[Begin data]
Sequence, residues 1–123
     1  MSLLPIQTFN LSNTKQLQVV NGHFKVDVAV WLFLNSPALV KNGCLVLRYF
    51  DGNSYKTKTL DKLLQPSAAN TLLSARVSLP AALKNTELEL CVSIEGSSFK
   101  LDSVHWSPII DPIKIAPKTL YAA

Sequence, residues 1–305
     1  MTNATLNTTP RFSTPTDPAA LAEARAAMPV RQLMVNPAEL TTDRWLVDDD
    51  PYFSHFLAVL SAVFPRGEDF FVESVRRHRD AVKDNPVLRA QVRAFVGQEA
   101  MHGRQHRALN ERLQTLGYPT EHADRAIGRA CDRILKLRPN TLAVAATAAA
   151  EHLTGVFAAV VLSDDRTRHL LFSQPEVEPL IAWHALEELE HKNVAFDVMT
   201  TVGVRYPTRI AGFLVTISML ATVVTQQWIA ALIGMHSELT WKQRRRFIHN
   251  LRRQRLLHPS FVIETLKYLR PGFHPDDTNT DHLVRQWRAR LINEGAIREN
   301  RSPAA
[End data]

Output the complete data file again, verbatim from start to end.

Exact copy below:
Sequence, residues 1–123
     1  MSLLPIQTFN LSNTKQLQVV NGHFKVDVAV WLFLNSPALV KNGCLVLRYF
    51  DGNSYKTKTL DKLLQPSAAN TLLSARVSLP AALKNTELEL CVSIEGSSFK
   101  LDSVHWSPII DPIKIAPKTL YAA

Sequence, residues 1–305
     1  MTNATLNTTP RFSTPTDPAA LAEARAAMPV RQLMVNPAEL TTDRWLVDDD
    51  PYFSHFLAVL SAVFPRGEDF FVESVRRHRD AVKDNPVLRA QVRAFVGQEA
   101  MHGRQHRALN ERLQTLGYPT EHADRAIGRA CDRILKLRPN TLAVAATAAA
   151  EHLTGVFAAV VLSDDRTRHL LFSQPEVEPL IAWHALEELE HKNVAFDVMT
   201  TVGVRYPTRI AGFLVTISML ATVVTQQWIA ALIGMHSELT WKQRRRFIHN
   251  LRRQRLLHPS FVIETLKYLR PGFHPDDTNT DHLVRQWRAR LINEGAIREN
   301  RSPAA